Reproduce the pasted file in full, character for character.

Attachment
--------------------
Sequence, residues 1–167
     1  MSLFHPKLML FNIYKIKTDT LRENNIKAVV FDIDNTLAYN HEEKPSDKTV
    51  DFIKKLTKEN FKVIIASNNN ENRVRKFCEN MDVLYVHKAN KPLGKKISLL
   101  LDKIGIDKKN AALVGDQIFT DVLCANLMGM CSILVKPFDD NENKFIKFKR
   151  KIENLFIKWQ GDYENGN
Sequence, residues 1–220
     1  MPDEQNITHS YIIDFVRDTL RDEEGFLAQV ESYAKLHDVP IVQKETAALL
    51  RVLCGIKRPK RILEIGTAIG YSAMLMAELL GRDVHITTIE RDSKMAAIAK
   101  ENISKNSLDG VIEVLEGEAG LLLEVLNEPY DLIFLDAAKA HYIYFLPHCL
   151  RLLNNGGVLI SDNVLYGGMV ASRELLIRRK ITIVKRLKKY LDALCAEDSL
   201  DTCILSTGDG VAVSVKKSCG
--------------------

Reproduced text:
Sequence, residues 1–167
     1  MSLFHPKLML FNIYKIKTDT LRENNIKAVV FDIDNTLAYN HEEKPSDKTV
    51  DFIKKLTKEN FKVIIASNNN ENRVRKFCEN MDVLYVHKAN KPLGKKISLL
   101  LDKIGIDKKN AALVGDQIFT DVLCANLMGM CSILVKPFDD NENKFIKFKR
   151  KIENLFIKWQ GDYENGN
Sequence, residues 1–220
     1  MPDEQNITHS YIIDFVRDTL RDEEGFLAQV ESYAKLHDVP IVQKETAALL
    51  RVLCGIKRPK RILEIGTAIG YSAMLMAELL GRDVHITTIE RDSKMAAIAK
   101  ENISKNSLDG VIEVLEGEAG LLLEVLNEPY DLIFLDAAKA HYIYFLPHCL
   151  RLLNNGGVLI SDNVLYGGMV ASRELLIRRK ITIVKRLKKY LDALCAEDSL
   201  DTCILSTGDG VAVSVKKSCG